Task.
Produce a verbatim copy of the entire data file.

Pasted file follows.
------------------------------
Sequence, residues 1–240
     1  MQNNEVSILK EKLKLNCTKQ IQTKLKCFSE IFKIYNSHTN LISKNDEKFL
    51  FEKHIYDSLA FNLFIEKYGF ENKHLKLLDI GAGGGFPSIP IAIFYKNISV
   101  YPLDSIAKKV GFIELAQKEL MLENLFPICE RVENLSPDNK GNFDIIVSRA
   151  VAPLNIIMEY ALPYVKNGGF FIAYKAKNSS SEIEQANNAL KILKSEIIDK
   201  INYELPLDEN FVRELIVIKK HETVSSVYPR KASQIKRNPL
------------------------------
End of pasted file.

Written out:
Sequence, residues 1–240
     1  MQNNEVSILK EKLKLNCTKQ IQTKLKCFSE IFKIYNSHTN LISKNDEKFL
    51  FEKHIYDSLA FNLFIEKYGF ENKHLKLLDI GAGGGFPSIP IAIFYKNISV
   101  YPLDSIAKKV GFIELAQKEL MLENLFPICE RVENLSPDNK GNFDIIVSRA
   151  VAPLNIIMEY ALPYVKNGGF FIAYKAKNSS SEIEQANNAL KILKSEIIDK
   201  INYELPLDEN FVRELIVIKK HETVSSVYPR KASQIKRNPL